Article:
At this point, the album gets decidedly more adventurous. “Once I Saw the River Clean” begins with an electronic bass stomp like that of the opener, and seems to second its sentiment, with Morrissey following the titular phrase, “And the cue will cue for me.” The backdrop of buzzing noise and haze suits Morrissey surprisingly well, and he reminds us, when the bridge hits, that he’ll never quite lose his penchant for melody. A prominent, treated vocal sample seems out of place at first. However, one need only look back to the Smiths’ “Big Mouth Strikes Again” to see the roots of such experimentation. The leftfield excursions get more ambitious yet on “The Truth About Ruth.” Morrissey is uncharacteristically laconic on this number, although the simple refrain, “Ruth is John,” fits right in with his history of sexual ambiguity. Morrissey sings a poignant melody, presumably with chin perpetually held up, eyebrows furrowed, bleating into distance. What truly stands apart, however, is the ornate, theatrical, circus-ey musical stylings, over which his voice soars to unprecedented heights. Operatic exclamations, crashing thuds, chimes, and rickety percussion create a vivid, immersive soundscape. This is bold, new territory for Morrissey, and you’ve got to hand it to him. He feeds off the colors of the music, and come the second verse, he is in another sphere altogether.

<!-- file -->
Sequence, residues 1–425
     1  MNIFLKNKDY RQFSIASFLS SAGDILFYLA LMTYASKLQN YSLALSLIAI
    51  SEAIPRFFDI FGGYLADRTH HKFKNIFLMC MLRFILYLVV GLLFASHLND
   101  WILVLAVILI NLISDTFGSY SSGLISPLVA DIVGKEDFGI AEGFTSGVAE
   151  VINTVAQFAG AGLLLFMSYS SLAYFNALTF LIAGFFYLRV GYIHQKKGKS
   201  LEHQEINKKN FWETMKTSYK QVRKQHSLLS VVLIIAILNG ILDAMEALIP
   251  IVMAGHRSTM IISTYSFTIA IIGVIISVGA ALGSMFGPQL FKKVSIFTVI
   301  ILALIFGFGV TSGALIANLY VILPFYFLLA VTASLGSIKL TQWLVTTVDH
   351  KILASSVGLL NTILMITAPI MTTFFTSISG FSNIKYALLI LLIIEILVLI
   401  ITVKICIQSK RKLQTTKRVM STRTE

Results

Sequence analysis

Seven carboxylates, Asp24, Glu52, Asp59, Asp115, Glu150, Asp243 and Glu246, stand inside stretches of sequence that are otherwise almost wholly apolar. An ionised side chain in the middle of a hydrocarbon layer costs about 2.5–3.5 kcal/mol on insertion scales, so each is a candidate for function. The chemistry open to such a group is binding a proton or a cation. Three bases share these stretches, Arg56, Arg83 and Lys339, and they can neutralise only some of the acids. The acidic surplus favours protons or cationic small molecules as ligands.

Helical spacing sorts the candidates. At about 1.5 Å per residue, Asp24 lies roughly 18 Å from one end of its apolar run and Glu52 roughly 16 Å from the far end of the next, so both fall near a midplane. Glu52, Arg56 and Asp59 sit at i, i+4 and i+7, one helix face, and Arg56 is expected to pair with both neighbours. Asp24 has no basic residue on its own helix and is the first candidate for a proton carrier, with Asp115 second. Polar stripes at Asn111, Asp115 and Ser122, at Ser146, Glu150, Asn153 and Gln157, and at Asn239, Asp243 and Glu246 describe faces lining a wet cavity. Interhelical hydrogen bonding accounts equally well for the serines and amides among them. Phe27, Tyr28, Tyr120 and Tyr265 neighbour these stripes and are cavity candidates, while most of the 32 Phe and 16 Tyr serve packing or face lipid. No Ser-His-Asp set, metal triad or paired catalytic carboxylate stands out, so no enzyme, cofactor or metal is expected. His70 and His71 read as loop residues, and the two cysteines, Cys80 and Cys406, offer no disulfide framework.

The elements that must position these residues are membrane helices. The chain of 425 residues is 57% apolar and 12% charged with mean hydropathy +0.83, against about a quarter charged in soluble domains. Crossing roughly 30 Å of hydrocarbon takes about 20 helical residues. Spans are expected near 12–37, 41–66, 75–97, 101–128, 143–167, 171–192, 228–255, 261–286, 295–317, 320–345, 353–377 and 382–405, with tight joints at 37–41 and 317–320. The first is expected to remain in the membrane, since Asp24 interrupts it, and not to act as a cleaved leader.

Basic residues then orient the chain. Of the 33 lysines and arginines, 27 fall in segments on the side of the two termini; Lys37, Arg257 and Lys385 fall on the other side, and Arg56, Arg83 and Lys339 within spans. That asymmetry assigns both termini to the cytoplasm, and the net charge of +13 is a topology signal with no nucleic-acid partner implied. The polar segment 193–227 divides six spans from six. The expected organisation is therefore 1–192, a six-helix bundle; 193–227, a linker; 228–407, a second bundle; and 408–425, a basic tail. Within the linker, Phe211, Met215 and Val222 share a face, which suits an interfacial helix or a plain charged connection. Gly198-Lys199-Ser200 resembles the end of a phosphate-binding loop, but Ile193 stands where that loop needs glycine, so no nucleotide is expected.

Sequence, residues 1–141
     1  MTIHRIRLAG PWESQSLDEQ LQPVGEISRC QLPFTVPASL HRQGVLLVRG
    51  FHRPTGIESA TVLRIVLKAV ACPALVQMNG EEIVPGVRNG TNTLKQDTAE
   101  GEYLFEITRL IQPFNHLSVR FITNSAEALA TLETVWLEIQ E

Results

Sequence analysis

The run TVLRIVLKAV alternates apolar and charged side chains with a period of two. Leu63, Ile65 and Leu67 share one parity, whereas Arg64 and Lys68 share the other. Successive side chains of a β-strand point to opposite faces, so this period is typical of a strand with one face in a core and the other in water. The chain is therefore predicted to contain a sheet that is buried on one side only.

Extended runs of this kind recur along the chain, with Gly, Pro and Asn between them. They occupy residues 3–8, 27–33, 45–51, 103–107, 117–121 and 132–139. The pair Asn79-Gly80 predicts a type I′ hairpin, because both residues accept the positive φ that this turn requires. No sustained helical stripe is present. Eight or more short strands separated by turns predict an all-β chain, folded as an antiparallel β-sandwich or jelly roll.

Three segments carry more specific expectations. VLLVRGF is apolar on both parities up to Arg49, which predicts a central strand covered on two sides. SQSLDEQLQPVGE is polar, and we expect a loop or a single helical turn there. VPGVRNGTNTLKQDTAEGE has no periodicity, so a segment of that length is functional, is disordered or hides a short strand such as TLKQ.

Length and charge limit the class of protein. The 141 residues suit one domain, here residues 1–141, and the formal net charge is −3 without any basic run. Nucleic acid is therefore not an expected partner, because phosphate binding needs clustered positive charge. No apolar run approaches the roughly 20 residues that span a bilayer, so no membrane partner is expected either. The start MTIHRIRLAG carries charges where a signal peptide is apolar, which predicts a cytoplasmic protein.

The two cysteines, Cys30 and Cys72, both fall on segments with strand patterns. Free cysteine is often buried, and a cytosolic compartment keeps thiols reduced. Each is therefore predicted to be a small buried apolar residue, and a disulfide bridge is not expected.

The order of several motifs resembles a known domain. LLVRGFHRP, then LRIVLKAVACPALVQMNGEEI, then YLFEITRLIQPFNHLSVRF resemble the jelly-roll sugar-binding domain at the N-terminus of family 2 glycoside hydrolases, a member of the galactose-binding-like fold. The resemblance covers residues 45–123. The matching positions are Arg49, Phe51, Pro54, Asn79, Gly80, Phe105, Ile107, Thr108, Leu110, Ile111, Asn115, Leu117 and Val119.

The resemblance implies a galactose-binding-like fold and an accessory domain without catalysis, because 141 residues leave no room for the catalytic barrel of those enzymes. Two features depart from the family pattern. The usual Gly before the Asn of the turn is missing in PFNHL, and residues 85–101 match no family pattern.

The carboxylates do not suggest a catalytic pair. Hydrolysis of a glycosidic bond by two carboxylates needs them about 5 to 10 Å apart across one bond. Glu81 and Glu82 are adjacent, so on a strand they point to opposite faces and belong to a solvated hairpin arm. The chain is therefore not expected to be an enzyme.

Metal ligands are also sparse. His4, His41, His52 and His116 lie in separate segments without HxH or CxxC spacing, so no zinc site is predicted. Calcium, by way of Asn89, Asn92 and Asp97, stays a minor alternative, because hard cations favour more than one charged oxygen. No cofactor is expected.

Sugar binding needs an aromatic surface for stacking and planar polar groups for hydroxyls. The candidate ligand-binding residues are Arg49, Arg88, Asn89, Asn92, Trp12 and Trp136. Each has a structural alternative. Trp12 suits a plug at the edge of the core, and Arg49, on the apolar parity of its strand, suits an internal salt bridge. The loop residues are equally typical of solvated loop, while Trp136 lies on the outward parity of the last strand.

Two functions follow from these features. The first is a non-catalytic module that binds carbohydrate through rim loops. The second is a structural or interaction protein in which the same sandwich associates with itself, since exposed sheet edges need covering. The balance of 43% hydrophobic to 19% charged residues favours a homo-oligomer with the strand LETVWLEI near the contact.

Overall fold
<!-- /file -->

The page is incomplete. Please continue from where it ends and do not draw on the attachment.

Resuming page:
“The Secret of Music” is the artistic pinnacle of the album, a spacey, amorphous racket, completely unanticipated for Morrissey. No one in their right mind would have fancied him this sonically adventurous. “I am out of tune,” he sings, rather comically, with lyrics and sound matching perfectly, sounding more beyond tune than out of it. Lines like “No trombone or glockenspiel / Could ever feel / The way I feel tonight,” punctuated by a bout of distorted guitar, is as fantastic as it gets. Stuttering, mutating vocals samples shuttle restlessly through stereo, and by the end, the song has settled into an otherworldly groove. Such classic Morrissey-isms as “Fat bassoon… Nothing can take away my gloom” give way to treated laughter near the end. Finally, “My Hurling Days Are Gone” withdraws from the fireworks, staying adventurous with a backdrop of Indian instrumentation. Morrissey lets out characteristic lamentations about time. Come the chorus of “Mama / Mama and teddy bear,” one just has to shrug and give up. At least, it’s been a wild ride.
“I Am Not a Dog on a Chain” comes with all the doom and gloom that you’d expect from a Morrissey album. If there were ever an artist who dove directly into self-parody on day one, it would be Moz. Somehow, the awkwardness that has characterized his music since the days of the Smiths seems to preclude any further embarrassment, no matter how outrageous. Morrissey’s trademark lugubrious excesses are everywhere to be found, and his distinctive voice is in top form, with a few moments that live up to his best work. The major surprise, and a wonderful one indeed, is how far out Morrissey travels in his musical stylings. For well over two decades, Moz has played it safe, with a musical palette that hardly ever lived up to the acerbic wit of the lyrics. In a move no one could have seen coming, Morrissey takes a bold step forward. The songs range from exhilarating to tired and comical, but the album might be the boldest musical advancement since the Smiths.
“I Am Not a Dog on a Chain” is available March 20 on Apple Music.